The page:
2. An example of recreating the dataset
      3. Using an imputer
      4. Handling missing or corrupted data
    5. Summary
  11. Chapter 3: Mitigating Inference Risk by Avoiding Adversarial Machine Learning Attacks
    1. Defining adversarial ML
      1. Categorizing the attack vectors
      2. Examining the hacker mindset
    2. Considering security issues in ML algorithms
      1. Defining attacker motivations
      2. Employing CAPTCHA bypass techniques
      3. Considering common hacker goals
      4. Relying on trial and error
      5. Avoiding helping the hacker
      6. Integrating new research quickly
      7. Understanding the Black Swan Theory
    3. Describing the most common attack techniques
      1. Evasion attacks
      2. Model poisoning
      3. Understanding membership inference attacks
      4. Understanding Trojan attacks
      5. Understanding backdoor (neural) attacks
      6. Seeing adversarial attacks in action
    4. Mitigating threats to the algorithm
      1. Developing principles that help protect against every threat
      2. Detecting and mitigating an evasion attack
      3. Detecting and mitigating a model poisoning attack
      4. Detecting and mitigating a membership inference attack
      5. Detecting and mitigating a Trojan attack
      6. Detecting and mitigating backdoor (neural) attacks
    5. Summary
    6. Further reading
  12. Part 2 – Creating a Secure System Using ML
  13. Chapter 4: Considering the Threat Environment
    1. Technical requirements
    2. Defining an environment
    3. Understanding business threats
      1. Protecting consumer sites
      2. Understanding malware
      3. Understanding network attacks
      4. Eyeing the small stuff
      5. Dealing with web APIs
      6. Dealing with the hype cycle
    4. Considering social threats
      1. Spam
      2. Identity theft
      3. Unwanted tracking
      4. Remote storage data loss or corruption
      5. Account takeover
    5. Employing ML in security in the real world
      1. Understanding the kinds of application security
      2. Considering the realities of the machine
      3. Adding human intervention
      4. Developing a simple authentication example
      5. Developing a simple spam filter example
    6. Summary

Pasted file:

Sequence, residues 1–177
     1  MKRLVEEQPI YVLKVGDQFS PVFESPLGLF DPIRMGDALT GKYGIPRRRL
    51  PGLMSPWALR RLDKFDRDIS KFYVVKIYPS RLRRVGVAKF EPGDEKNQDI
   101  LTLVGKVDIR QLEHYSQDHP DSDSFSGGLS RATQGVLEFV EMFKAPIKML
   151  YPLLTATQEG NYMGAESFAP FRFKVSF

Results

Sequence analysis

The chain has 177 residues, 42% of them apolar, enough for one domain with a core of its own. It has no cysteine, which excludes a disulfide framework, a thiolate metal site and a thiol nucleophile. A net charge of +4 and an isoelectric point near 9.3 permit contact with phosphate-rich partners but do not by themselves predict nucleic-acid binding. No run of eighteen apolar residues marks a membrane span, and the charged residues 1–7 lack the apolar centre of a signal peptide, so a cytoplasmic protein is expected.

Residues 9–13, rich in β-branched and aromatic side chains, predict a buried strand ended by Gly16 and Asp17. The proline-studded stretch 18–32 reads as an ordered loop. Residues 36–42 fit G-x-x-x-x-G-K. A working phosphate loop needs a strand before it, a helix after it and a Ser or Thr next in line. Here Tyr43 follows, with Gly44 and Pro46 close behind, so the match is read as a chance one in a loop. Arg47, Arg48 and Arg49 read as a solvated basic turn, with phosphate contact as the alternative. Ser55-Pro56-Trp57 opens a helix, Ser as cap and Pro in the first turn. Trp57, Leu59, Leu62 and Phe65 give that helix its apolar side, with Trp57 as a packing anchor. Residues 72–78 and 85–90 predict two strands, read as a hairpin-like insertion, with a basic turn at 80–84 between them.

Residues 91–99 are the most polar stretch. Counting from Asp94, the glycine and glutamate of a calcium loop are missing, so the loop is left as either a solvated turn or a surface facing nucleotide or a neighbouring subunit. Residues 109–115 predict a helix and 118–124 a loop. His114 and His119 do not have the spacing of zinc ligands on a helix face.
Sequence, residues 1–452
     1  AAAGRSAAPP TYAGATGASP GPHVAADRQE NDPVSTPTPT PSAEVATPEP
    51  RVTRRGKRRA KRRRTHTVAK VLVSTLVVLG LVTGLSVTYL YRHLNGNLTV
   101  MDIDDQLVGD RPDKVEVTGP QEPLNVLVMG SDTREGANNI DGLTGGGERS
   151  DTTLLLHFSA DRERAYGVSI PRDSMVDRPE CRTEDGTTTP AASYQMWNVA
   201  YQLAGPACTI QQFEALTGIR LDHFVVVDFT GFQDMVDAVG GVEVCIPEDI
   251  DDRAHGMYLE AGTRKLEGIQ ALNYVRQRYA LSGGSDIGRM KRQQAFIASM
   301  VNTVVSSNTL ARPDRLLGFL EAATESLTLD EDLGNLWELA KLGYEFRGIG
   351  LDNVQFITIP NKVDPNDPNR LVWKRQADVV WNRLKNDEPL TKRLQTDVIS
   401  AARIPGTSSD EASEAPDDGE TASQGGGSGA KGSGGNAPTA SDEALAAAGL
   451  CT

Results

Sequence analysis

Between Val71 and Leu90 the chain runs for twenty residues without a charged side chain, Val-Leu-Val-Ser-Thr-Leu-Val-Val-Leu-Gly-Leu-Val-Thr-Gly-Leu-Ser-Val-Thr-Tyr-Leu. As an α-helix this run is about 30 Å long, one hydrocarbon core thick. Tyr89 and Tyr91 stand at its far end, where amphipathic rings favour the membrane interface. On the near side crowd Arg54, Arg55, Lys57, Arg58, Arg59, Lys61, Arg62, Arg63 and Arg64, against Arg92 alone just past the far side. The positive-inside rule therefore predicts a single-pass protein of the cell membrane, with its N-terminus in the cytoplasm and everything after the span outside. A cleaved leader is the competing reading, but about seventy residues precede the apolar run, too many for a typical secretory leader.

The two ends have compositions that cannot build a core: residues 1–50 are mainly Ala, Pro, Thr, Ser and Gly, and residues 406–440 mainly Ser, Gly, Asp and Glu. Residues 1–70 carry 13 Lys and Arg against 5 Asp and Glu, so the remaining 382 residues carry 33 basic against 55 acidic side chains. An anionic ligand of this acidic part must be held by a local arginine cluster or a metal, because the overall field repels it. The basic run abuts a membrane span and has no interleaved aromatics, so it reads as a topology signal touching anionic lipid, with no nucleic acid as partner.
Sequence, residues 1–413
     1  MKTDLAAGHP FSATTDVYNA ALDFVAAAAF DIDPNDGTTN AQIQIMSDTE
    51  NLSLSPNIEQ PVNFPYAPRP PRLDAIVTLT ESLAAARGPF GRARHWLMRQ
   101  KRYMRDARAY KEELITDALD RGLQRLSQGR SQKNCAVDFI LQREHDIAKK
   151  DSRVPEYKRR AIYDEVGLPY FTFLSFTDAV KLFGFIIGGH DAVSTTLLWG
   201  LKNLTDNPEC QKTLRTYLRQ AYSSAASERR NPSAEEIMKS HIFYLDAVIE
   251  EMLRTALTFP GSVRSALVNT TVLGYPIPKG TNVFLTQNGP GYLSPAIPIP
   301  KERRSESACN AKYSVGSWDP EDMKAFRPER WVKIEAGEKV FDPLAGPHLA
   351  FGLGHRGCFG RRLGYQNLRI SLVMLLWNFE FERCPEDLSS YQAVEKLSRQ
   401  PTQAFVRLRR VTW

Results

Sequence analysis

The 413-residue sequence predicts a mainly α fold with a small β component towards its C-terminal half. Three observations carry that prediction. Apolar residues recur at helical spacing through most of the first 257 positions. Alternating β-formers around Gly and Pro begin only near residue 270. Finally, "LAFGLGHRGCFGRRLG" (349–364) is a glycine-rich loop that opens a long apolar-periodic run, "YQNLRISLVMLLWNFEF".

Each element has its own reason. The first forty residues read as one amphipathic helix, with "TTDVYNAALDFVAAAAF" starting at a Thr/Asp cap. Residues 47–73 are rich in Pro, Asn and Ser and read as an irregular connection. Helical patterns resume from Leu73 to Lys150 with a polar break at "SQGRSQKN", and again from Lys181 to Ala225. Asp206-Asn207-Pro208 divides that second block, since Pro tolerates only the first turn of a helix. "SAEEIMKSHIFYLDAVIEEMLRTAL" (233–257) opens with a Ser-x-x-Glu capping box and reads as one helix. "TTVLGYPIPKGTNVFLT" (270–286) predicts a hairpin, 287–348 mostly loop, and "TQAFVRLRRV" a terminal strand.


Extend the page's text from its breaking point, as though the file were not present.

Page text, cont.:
7. Further reading
  14. Chapter 5: Keeping Your Network Clean
    1. Technical requirements
    2. Defining current network threats
      1. Developing a sense of control over chaos
      2. Implementing access control
      3. Ensuring authentication
      4. Detecting intrusions
      5. Defining localized attacks
      6. Understanding botnets
    3. Considering traditional protections
      1. Working with honeypots
      2. Using data-centric security
      3. Locating subtle intrusion indicators
      4. Using alternative identity strategies
      5. Obtaining data for network traffic testing
    4. Adding ML to the mix
      1. Developing an updated security plan
      2. Determining which features to track
    5. Creating real-time defenses
      1. Using supervised learning example
      2. Using a subprocess in Python example
      3. Working with Flask example
      4. Asking for human intervention
    6. Developing predictive defenses
      1. Defining what is available today
      2. Downsides of predicting the future
      3. Creating a realistic network model
    7. Summary
  15. Chapter 6: Detecting and Analyzing Anomalies
    1. Technical requirements
    2. Defining anomalies
      1. Specifying the causes and effects of anomaly detection
      2. Considering anomaly sources
      3. Understanding when anomalies occur
      4. Using and combining anomaly detection and signature detection
    3. Detecting data anomalies
      1. Checking data validity
      2. Forecasting potential anomalies example
    4. Using anomaly detection effectively in ML
    5. Considering other mitigation techniques
    6. Summary
    7. Further reading
  16. Chapter 7: Dealing with Malware
    1. Technical requirements
    2. Defining malware
      1. Specifying the malware types
      2. Understanding the subtleties of malware
      3. Determining malware goals
    3. Generating malware detection features
      1. Getting the required disassembler
      2. Collecting data about any application
      3. Extracting strings from an executable
      4. Extracting images from an executable
      5. Generating a list of application features
      6. Selecting the most important features
      7. Considering speed of detection
      8. Building a malware detection toolbox
    4. Classifying malware
      1. Obtaining malware samples and labels
      2. Development of a simple malware detection scenario
    5. Summary